Once again something is wrong with part of the Microsoft suite of software and once again they are denying it’s anything to do with them.
This time a researcher has developed a rootkit style infection tool aimed at the .Net framework.
Most modern computers come with .Net of some description installed so this could be quite a widespread threat, especially if it gets into the hands of the bad guys and they use it for something like Conficker.
A computer security researcher has released an upgraded tool that can simplify the placement of difficult-to-detect malicious software in Microsoft’s .Net framework on Windows computers.
The tool, called .Net-Sploit 1.0, allows for modification of .Net, a piece of software installed on most Windows machines that allows the computers to execute certain types of applications.
Microsoft makes a suite of developer tools for programmers to write applications compatible with the framework. It offers developers the advantage of writing programs in several different high-level languages that will all run on a PC.
.Net-Sploit allows a hacker to modify the .Net framework on targeted machines, inserting rootkit-style malicious software in a place untouched by security software and where few security people would think to look, said Erez Metula, the software security engineer for 2BSecure who wrote the tool.
It an interesting attack vector, attacking a different part of the OS that isn’t usually targeted. It offers better protection from AV software and from being found and it’s pretty much guaranteed all Windows computers will have .Net installed.
I’d guess some pretty interesting stuff can be gathered by tapping into .Net.
.Net-Sploit essentially lets an attacker replace a legitimate piece of code within .Net with a malicious one. Since some applications depend on parts of the .Net framework in order to run, it means the malware can affect the function of many applications.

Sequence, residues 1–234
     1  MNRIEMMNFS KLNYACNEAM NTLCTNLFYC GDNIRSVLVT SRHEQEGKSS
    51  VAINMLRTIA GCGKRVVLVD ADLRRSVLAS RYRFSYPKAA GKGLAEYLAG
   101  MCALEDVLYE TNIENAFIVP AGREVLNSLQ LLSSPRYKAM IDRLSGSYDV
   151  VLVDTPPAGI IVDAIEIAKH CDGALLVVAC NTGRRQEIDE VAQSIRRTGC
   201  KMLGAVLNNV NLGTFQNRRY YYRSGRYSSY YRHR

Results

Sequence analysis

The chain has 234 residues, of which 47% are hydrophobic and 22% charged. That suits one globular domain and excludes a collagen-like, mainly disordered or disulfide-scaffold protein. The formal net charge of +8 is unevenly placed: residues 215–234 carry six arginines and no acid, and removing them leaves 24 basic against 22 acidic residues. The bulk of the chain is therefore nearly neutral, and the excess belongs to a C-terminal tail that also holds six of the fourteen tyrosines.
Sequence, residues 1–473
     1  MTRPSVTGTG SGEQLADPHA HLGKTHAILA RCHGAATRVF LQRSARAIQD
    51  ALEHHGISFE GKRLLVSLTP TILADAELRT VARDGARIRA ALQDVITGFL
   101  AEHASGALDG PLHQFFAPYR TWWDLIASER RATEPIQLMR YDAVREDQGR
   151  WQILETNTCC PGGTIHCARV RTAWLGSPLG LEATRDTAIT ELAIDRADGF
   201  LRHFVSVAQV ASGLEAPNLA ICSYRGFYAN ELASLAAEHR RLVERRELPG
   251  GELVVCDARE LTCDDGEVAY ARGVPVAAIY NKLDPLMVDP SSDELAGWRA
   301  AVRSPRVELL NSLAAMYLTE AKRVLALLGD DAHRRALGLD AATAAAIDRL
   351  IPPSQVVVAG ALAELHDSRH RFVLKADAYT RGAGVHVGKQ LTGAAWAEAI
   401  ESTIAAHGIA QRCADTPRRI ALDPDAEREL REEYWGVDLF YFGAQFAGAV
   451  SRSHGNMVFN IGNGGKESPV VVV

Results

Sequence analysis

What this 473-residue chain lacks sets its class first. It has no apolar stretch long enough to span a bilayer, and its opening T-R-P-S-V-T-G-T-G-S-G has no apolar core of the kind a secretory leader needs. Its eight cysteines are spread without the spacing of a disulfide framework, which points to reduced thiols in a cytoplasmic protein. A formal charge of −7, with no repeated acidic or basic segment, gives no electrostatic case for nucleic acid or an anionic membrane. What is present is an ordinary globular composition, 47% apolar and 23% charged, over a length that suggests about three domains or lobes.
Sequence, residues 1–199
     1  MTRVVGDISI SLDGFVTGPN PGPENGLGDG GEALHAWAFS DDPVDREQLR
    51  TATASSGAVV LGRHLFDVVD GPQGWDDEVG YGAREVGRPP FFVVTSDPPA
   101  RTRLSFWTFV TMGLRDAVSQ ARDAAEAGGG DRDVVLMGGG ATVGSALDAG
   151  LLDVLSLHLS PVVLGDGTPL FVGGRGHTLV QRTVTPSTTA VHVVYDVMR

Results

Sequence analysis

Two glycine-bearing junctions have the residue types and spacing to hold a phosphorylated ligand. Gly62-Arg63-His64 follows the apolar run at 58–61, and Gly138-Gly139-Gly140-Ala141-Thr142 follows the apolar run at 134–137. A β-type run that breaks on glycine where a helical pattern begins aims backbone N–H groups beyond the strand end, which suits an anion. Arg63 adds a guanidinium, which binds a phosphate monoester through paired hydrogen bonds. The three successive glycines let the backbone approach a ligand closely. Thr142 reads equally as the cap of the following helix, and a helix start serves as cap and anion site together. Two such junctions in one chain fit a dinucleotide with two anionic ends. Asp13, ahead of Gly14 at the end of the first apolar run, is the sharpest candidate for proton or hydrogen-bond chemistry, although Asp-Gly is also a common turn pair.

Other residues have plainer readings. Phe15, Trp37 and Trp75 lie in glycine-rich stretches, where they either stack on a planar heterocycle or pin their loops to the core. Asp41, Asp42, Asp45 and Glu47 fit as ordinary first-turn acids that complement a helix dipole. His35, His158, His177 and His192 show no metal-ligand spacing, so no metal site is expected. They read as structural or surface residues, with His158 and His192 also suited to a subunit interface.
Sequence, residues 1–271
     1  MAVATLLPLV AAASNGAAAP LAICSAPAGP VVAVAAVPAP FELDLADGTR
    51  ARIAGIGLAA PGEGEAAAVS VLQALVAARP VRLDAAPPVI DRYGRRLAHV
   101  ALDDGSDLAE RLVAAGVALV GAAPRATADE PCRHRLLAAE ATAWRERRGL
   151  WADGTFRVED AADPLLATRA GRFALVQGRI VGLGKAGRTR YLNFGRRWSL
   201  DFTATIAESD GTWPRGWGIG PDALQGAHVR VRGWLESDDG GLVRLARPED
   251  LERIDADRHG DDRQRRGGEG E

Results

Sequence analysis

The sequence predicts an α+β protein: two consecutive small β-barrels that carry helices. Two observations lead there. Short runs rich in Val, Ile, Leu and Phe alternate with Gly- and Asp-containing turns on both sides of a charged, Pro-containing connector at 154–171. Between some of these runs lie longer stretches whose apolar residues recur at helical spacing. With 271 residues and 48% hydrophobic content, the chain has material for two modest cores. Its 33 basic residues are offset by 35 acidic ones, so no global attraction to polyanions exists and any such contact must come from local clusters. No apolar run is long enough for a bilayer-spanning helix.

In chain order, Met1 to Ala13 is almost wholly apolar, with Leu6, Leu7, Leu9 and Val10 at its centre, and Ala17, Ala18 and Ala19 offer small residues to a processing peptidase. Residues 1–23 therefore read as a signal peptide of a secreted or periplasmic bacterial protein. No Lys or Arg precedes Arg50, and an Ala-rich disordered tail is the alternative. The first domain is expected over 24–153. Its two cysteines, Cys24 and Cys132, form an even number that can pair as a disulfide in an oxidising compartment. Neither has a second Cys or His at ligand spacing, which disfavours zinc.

For example, an application that has an authentication mechanism could be attacked if the tampered .Net framework were to intercept user names and passwords and send them to a remote server, Metula said.
.Net-Sploit automates some of the arduous coding tasks necessary to corrupt the framework, speeding up development of an attack. For example, it can help pull a relevant DLL (dynamic link library) from the framework and deploy the malicious DLL.
Metula said that an attacker would already have to have control of a machine before his tool could be used. The advantage of corrupting the .Net framework is that an attacker could clandestinely maintain control over the machine for a long time.
It could potentially be abused by rogue system administrators, who could abuse their access privileges to deploy so-called “backdoors” or malware than enables remote access, Metula said.
Of course the disadvantage is you already need to have control over the machine to execute this kind of attack, I guess it’s for when you’ve hacked the machine and you want to keep control or gather more data.
Metula has published a white paper on the technique as well as the latest version of .Net-Sploit.
Source: CIO (Thanks Navin)
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